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Sometimes the day job gets in the way!

Not much activity on the blog over the past few days.  This is mainly due to me being on a training course – with an exam at the end of it, so I’ve had to spend the evenings revising instead of writing blog posts.  Mind you, it is possible to revise while having a glass of beer – although the ability to absorb the intricacies of IT Service Management does tend to suffer after a couple of jars!  I’ll get the results in about 3 weeks, so I’ll then be able to see how effective my revision technique was!  In the meantime, I’ve got a bit of catching up to do, as I’ve sampled a few different beers recently.  I’ll start with a couple of fairly strong beers:

A few weeks ago I wrote about a slightly disappointing experience with a bottle of Black Sheep Ale (see Baa baa).  I recently tried one of the other beers from the Black Sheep Brewery Riggwelter Strong Yorkshire Ale (5.7%).  My experience of this beer couldn’t have been more different – I loved it, even though I generally don’t go for strong beers.  It has a burnt malt smell and taste, with suggestions of caramel and coffee – perhaps even a hint of chocolate.  A late night drink rather than a quaffing beer – very enjoyable.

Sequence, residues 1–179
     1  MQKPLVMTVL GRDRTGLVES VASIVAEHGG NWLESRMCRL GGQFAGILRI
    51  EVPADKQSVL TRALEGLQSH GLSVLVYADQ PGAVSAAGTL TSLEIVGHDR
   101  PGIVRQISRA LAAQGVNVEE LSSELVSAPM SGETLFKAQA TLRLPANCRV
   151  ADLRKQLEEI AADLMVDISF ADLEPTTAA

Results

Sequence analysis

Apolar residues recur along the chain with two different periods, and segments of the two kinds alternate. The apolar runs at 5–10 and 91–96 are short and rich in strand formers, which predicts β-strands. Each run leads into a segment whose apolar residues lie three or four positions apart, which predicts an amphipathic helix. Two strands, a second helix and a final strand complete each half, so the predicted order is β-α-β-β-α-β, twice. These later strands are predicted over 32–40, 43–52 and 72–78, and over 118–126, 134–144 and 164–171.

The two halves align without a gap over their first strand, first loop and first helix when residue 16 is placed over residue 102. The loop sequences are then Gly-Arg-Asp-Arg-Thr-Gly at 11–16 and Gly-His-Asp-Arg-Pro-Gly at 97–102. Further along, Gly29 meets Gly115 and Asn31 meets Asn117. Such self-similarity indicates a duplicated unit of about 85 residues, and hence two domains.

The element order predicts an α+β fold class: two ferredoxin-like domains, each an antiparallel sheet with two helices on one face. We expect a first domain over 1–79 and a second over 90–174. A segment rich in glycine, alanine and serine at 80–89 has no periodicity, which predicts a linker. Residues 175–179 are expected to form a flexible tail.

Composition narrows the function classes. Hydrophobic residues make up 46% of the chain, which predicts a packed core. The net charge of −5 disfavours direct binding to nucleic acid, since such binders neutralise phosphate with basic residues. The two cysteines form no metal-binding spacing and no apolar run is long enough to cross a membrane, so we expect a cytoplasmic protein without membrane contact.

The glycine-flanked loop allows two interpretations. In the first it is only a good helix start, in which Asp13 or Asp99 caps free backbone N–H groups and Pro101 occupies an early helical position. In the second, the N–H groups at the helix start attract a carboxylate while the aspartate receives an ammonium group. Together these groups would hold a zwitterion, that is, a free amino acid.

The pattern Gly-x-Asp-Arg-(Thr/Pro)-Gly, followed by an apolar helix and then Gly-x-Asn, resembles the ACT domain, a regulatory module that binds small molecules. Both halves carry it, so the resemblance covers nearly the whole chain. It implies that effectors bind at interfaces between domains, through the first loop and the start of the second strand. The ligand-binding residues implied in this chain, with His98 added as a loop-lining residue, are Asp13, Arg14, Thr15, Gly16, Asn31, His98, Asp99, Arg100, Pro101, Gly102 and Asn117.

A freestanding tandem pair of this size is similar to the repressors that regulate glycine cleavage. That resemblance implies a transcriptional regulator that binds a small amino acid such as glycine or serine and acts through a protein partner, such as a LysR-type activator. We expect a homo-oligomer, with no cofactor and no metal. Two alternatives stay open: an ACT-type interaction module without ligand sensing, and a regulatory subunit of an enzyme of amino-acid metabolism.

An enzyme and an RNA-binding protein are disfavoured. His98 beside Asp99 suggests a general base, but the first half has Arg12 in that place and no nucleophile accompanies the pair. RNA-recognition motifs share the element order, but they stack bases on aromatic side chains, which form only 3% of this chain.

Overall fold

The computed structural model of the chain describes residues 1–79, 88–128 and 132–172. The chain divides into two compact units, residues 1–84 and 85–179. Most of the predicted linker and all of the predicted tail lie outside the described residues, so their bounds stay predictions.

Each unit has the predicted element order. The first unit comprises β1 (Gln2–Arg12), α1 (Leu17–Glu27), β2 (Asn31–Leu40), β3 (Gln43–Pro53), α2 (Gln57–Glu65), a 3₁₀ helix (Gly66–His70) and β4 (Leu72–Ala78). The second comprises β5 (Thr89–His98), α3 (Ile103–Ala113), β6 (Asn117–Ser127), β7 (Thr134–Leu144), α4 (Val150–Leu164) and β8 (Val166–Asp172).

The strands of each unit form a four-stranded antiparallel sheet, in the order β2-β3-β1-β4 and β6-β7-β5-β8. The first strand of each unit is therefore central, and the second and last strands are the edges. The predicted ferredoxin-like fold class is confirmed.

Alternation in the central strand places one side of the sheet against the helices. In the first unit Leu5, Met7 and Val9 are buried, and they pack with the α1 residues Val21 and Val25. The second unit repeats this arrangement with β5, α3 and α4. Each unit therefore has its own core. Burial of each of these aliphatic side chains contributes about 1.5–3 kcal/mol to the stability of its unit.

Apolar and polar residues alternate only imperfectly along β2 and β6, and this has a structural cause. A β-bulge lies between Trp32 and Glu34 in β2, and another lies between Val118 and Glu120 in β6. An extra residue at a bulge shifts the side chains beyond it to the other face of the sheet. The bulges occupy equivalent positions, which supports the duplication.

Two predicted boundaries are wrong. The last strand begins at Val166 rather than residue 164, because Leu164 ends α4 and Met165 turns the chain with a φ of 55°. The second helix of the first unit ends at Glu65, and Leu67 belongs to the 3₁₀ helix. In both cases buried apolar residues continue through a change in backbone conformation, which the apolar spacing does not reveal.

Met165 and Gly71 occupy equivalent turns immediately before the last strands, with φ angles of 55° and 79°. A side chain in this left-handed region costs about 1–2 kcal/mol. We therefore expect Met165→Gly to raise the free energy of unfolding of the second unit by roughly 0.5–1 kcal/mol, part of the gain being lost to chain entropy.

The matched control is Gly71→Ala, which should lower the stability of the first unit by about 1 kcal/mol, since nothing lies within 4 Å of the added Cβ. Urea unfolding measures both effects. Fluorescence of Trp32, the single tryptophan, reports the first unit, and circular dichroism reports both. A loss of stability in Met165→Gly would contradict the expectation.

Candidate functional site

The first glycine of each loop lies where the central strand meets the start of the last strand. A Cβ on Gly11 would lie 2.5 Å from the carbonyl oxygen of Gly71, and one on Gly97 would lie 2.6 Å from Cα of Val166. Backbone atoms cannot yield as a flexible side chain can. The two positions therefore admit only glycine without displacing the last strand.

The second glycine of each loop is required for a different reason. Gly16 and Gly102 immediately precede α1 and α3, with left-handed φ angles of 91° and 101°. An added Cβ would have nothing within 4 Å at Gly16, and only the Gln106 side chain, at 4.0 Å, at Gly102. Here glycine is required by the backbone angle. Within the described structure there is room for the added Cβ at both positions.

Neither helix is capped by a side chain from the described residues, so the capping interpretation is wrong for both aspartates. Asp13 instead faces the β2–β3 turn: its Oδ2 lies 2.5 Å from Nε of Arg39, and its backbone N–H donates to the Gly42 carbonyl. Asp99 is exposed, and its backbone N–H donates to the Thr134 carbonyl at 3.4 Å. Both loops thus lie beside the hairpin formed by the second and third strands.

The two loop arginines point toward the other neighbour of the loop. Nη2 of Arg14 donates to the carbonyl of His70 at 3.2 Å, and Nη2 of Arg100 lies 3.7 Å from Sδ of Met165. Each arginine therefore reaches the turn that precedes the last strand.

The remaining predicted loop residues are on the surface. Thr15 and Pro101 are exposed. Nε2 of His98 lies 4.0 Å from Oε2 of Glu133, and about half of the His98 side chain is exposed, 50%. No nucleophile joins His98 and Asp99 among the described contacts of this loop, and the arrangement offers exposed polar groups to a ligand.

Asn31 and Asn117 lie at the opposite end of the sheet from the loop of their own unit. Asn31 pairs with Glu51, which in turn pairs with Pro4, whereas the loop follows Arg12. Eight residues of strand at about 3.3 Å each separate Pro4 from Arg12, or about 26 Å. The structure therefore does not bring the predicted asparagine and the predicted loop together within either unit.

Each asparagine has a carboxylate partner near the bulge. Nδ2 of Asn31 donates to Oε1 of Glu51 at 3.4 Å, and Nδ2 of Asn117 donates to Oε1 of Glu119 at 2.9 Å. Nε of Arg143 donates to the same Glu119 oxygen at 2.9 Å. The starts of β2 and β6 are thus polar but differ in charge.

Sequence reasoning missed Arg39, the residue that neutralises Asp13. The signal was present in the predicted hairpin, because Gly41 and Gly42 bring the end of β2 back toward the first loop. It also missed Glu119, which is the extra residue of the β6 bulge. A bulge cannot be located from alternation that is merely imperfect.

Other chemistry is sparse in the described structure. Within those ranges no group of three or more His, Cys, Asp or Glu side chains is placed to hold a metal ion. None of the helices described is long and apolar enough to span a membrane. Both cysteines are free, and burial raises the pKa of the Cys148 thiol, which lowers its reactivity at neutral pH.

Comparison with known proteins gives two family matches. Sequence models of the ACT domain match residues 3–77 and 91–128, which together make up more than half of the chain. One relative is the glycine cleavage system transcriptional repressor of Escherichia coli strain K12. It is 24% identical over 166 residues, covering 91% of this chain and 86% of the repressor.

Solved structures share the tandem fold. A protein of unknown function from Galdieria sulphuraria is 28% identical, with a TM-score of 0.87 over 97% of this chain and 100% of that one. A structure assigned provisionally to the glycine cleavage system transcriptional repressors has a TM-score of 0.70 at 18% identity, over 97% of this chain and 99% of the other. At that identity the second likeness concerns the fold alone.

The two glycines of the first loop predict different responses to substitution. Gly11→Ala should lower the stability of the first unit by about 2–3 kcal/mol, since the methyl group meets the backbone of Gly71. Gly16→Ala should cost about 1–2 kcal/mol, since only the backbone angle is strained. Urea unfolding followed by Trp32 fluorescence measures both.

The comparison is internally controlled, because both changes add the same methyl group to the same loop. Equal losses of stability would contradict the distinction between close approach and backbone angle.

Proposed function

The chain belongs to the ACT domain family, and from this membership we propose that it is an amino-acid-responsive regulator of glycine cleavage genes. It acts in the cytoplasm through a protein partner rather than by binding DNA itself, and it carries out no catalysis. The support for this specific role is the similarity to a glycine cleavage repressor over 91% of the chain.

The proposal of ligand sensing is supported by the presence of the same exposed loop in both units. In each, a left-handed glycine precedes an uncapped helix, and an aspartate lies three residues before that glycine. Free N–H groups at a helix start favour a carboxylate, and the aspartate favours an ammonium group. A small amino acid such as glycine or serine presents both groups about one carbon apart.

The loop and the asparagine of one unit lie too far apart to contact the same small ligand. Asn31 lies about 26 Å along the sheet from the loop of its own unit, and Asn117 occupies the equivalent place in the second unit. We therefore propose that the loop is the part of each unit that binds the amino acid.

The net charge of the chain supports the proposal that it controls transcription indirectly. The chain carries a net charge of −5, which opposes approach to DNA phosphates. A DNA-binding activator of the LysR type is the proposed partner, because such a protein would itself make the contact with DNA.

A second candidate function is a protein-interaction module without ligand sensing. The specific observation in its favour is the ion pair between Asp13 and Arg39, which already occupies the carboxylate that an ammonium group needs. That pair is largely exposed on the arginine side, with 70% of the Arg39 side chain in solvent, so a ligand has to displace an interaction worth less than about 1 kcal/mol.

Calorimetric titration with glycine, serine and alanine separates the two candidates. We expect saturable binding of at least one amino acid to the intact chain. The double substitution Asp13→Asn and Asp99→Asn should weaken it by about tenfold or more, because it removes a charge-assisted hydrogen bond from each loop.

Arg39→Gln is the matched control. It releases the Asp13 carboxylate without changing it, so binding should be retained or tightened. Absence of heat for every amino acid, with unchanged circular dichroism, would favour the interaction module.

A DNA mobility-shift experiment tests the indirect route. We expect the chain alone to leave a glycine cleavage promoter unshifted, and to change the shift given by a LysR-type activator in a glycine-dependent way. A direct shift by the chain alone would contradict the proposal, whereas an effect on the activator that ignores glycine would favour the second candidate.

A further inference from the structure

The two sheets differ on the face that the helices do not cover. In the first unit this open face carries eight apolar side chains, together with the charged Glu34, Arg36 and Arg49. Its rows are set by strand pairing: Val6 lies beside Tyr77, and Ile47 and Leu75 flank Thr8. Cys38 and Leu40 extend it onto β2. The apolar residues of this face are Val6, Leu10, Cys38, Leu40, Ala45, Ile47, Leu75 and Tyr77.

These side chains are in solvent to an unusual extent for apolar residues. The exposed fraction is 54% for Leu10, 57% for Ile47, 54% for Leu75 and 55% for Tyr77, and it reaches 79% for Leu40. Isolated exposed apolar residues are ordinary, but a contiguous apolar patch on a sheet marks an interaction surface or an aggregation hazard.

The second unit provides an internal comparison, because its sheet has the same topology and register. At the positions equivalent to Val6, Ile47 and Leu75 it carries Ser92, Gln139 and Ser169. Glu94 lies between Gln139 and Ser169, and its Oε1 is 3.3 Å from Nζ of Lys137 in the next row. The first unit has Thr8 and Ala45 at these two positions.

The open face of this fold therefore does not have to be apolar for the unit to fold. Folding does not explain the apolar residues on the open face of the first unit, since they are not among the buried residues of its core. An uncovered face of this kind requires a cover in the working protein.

The nice people at R&R sent me a couple of samples of beers from Innis & Gunn, for whom they provide PR and media relations.  I’d mentioned Innis & Gunn in a blog post (see Rhubarb rhubarb), and they very kindly offered me a couple of bottles to try.  They have been sitting in the fridge for a few weeks (they recommend that they are served cold) and I decided to try the least strong (at a mere 6.6%!!) first.  Innis & Gunn mature their beers in oak barrels, which gives them an unusual and interesting taste.  The Innis & Gunn Original (6.6%) is matured in oak for 30 days, then removed from the barrels and matured for a further 47 days (I don’t know the significance of these numbers, except that they add up to a whole number of weeks).  For such a strong beer, it is surprisingly light and drinkable (which could be dangerous!).  It has a sweet and hoppy smell, isn’t particularly bitter, and has a sweet, vanilla taste, with a hint of fruit – in fact, showing my age here, the taste reminded me of the banana flavoured Penny Arrows we used to get when we were kids (they were 1d – an old penny – then, they are probably about £1 now!).  I drank this on its own rather than with food – there is a food-matching page on the Innis & Gunn web site that gives some ideas.  As it says there, the high alcohol content means it will stand up to robust flavours, but the low bitterness means it will not overpower more delicate flavours; it would probably go well with fish and chips.

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